Brutally amazing: how not to pitch analytics

I went to the post office box and found a rhinoceros. The clever people who produced this brochure should have used a bull instead, bulls being more at home in marketing, but let’s not be picky. He’s a rhino with spots, and he’s hawking analytics software.

He’s leading the “British invasion” with software that’s like him: “brutally forceful” and “amazingly agile.” Best of all, he’s going to be at a reception in Las Vegas serving bangers and mash, fish and chips, single malt scotch and leading some go-go girls.

Go-go girls? Yes, after all, business intelligence is all about the human story. Let’s have more humans! Bring in the humans! You can hear the marketing and PR people scribbling furiously on the yellow pads: business intelligence needs human stories.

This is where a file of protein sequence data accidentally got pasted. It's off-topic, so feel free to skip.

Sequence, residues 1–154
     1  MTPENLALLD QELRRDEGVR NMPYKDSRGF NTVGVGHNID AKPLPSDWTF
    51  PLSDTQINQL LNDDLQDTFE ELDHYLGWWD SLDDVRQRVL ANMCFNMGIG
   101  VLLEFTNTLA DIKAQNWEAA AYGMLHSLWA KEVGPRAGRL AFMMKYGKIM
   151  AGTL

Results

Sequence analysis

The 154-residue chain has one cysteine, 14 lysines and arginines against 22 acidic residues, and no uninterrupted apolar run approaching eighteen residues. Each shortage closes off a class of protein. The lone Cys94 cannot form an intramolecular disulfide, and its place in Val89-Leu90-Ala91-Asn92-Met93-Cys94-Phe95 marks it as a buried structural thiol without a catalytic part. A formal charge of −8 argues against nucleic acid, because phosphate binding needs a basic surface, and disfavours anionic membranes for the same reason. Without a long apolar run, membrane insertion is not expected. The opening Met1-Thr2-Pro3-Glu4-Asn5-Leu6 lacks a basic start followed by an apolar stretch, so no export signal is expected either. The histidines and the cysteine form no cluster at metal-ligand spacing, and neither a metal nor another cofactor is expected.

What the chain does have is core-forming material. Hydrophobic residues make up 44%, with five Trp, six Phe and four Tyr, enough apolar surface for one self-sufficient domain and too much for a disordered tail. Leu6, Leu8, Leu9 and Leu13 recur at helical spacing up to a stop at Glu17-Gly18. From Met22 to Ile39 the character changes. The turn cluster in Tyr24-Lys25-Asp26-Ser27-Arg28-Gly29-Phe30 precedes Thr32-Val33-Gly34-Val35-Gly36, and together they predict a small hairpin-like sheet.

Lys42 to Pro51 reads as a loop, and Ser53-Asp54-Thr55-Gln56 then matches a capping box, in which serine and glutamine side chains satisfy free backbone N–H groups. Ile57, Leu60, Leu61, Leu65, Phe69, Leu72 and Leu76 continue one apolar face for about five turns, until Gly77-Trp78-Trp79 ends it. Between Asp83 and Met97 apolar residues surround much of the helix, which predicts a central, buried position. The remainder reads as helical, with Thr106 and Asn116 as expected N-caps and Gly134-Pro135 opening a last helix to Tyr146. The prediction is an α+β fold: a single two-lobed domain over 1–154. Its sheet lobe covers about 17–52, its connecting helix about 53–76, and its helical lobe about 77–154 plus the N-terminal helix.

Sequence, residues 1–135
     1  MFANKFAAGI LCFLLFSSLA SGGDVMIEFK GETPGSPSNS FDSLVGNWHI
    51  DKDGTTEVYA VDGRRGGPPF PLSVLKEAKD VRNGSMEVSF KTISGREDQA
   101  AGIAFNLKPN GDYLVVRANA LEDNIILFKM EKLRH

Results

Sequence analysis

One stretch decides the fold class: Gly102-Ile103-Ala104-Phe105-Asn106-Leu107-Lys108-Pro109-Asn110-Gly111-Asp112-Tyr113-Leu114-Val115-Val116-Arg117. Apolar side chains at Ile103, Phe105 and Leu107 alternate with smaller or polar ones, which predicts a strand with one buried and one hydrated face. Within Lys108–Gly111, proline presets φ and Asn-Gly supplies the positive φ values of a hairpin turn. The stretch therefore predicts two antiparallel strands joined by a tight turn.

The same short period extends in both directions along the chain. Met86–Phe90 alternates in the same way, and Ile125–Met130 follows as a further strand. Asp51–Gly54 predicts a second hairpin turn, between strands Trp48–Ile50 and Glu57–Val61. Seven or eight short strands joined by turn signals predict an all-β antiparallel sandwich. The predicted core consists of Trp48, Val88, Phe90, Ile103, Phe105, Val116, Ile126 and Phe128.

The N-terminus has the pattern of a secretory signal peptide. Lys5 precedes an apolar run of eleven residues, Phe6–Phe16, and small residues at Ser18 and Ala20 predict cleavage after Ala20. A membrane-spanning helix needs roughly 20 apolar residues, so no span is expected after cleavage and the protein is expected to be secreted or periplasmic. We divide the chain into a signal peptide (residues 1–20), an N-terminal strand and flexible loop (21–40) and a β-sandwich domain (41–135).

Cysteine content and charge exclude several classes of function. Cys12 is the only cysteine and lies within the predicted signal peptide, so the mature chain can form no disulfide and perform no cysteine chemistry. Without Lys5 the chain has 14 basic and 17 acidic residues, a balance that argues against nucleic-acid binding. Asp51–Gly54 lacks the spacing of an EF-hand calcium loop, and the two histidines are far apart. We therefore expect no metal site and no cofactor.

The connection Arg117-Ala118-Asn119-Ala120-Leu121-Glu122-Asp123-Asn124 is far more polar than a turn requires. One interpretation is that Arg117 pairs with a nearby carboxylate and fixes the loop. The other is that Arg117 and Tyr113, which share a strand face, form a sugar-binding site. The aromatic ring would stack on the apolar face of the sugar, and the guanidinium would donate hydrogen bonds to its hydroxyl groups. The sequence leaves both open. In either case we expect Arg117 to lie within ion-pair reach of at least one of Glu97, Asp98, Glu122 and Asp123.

You’ve got to feed humans, someone says above the scribbling. Ah! More scribbling.

What’ll we feed them? Long discussion. Let’s break for lunch.

It’s the new marketing: get attention but ignore the hangover. It’s like Rumsfeld’s war machine gadget, with the ultra-light infantry (amazing agile, brutally forceful) sweeping through and leaving everybody who was there before to close in behind.

I just don’t understand why business intelligence marketers don’t make better use of stories. I know, It would take guts. It would take guts to get actual customers to let their stories be told. Who wants to admit that, gosh, they didn’t have total control before the miracle solution arrived and saved butts across the enterprise? Well, I bet there is someone. In fact, here’s one I researched and wrote.

It would take guts, and that’s why we’ll never see much of it. But at least it would be more credible, and would say more, than a rhino with spots.

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